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"When I awoke, all that was left of my life there... was the flute I'd taught myself to play."

- Jean-Luc Picard reminisces about his life experience as a Ressikan. (TNG: "Lessons")

The Ressikan flute was a small flute made of a tin-like material, native to the community of Ressik on the dead planet of Kataan.

Kamin's flute

Ressikan Flute

Picard's Ressikan flute.

In 2368, Captain Jean-Luc Picard acquired a Ressikan flute through an experience he had related to a probe launched from the dead planet. The probe projected a particle beam to Picard's brain, and played out a scenario by which Picard actually experienced over 50 years in the span of only 25 actual minutes. As he lived the life of a man called Kamin, he also learned how to play the flute, a skill that he retained after the probe finished its program. The probe was brought in and examined, inside of which the flute was found and given to Picard. (TNG: "The Inner Light")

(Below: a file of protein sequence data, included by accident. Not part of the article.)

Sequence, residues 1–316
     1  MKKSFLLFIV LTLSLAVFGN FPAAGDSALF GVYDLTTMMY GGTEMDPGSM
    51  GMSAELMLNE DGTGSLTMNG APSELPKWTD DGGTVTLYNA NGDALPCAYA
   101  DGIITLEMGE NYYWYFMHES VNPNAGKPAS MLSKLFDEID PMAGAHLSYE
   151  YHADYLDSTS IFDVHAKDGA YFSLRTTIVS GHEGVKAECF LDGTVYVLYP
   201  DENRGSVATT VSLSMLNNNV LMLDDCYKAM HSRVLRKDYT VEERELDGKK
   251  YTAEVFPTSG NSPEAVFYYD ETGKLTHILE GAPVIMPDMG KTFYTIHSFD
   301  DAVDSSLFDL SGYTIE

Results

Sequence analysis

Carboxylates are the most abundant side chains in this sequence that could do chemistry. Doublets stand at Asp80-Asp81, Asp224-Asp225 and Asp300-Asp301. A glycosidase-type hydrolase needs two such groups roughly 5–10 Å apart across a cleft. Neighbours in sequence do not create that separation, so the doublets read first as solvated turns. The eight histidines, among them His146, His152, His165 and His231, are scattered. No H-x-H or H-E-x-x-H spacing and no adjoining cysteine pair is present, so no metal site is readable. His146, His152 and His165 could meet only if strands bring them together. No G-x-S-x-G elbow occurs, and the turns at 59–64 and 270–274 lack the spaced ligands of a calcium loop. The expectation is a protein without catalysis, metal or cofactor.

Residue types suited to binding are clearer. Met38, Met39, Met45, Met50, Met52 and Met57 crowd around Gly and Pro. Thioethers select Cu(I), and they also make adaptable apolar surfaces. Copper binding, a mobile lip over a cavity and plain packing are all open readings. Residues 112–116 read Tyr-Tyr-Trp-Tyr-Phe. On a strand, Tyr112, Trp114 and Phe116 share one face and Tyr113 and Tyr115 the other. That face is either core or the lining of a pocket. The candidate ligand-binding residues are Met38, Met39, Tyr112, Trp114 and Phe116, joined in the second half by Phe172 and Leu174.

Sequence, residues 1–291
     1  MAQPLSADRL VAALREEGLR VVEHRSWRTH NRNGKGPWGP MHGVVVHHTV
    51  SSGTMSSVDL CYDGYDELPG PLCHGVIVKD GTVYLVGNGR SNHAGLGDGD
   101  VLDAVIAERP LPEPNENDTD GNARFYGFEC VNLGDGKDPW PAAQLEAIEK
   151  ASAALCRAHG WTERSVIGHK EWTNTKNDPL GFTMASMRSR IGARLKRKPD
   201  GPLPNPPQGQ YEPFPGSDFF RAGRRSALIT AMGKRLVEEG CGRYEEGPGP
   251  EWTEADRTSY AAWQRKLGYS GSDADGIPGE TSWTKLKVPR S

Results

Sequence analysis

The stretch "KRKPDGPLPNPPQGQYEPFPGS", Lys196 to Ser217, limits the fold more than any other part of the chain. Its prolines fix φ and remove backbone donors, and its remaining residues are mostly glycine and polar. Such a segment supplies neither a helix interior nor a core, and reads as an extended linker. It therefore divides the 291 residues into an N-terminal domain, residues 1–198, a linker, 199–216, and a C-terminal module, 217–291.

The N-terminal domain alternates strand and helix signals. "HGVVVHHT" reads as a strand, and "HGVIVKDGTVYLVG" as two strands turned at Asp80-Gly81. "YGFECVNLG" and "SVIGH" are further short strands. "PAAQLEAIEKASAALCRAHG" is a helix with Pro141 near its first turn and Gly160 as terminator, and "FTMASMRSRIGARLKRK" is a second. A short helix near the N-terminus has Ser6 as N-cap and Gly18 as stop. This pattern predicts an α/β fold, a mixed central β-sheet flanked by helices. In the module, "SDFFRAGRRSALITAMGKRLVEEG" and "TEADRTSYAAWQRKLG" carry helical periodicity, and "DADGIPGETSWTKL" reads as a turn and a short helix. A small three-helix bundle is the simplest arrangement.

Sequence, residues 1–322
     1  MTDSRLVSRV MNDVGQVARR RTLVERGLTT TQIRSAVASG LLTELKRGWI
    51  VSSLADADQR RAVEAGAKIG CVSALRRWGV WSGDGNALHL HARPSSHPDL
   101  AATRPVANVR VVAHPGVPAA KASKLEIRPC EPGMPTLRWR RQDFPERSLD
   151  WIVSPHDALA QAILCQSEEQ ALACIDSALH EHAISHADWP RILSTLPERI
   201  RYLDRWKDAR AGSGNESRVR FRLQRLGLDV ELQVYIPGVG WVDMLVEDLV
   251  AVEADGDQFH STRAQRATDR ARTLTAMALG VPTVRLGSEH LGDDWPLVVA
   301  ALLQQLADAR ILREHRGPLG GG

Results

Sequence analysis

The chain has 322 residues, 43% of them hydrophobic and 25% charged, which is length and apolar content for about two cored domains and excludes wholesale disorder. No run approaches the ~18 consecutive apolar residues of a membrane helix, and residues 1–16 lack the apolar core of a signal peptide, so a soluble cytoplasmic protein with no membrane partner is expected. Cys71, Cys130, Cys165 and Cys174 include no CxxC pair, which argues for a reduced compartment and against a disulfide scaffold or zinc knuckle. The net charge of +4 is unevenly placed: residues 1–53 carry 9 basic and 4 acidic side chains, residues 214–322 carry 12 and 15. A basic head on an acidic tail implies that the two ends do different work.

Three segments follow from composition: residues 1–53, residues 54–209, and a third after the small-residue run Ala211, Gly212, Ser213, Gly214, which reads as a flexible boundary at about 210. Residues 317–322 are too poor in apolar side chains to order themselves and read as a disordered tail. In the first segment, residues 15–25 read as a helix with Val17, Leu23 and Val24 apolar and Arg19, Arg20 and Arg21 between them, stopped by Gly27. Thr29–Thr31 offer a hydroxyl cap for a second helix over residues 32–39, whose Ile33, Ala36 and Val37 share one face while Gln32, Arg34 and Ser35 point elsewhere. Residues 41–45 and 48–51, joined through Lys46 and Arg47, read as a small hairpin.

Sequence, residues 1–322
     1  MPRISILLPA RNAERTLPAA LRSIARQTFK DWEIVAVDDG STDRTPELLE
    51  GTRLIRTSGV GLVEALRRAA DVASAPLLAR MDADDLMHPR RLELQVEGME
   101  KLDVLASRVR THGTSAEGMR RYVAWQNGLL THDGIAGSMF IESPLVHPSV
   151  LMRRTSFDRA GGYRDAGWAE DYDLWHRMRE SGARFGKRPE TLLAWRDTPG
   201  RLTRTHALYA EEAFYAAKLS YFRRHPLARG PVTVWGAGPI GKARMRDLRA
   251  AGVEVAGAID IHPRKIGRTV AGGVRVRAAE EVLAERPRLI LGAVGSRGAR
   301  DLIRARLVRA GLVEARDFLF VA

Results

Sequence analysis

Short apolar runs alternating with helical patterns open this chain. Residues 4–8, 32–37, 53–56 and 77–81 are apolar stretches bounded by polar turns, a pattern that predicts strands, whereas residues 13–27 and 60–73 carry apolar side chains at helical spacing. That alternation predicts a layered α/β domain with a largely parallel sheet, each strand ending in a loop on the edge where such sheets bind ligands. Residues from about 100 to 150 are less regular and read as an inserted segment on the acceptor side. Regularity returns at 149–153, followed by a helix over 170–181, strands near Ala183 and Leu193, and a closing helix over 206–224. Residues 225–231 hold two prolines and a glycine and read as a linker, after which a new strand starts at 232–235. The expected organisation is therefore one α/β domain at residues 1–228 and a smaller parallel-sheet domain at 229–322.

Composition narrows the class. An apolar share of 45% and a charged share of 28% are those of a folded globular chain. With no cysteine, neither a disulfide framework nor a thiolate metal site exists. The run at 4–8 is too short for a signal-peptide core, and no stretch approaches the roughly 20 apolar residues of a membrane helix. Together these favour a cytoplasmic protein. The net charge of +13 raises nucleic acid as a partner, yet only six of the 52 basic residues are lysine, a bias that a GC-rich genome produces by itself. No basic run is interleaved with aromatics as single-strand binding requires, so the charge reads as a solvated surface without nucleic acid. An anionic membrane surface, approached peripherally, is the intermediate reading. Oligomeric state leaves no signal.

Picard considered the flute to be one of his most prized possessions. It represented, to him, an entire lifetime he lived in only 25 minutes, a life completely different from that aboard the Enterprise, with a wife, children and even a grandson. As of 2379, Picard kept the flute on his desk in his ready room aboard the USS Enterprise-E. (TNG: "Lessons"; Star Trek Nemesis)

Picard Mozart trio, Program 1 was a musical composition Picard wrote for the Ressikan flute. (TNG: "A Fistful of Datas")

Media

Background information

Ressikan flute prop

The flute prop with case

  • The music of the Ressikan flute was not played by Patrick Stewart, but by Brice Martin. [1]
  • The tune played by Picard in "The Inner Light" was an excerpt from "Scottish Fantasy", originally composed by Max Bruch and re-composed by Jay Chattaway.
  • The sound of the flute is closer to a tin whistle, but can be matched fairly well with the higher notes on the piccolo.
  • The prop was sold as Lot #537 at the 40 Years of Star Trek: The Collection auction. The buyer paid $48,000 for the lot, after winning it with a bid of $40,000. Patrick Stewart commented in an interview after with laughter "It doesn't play; it's not a real flute." Patrick Stewart's son, however, said it "played well" for him.The catalogue estimate for the lot was 800 to 1200 dollars. [2]

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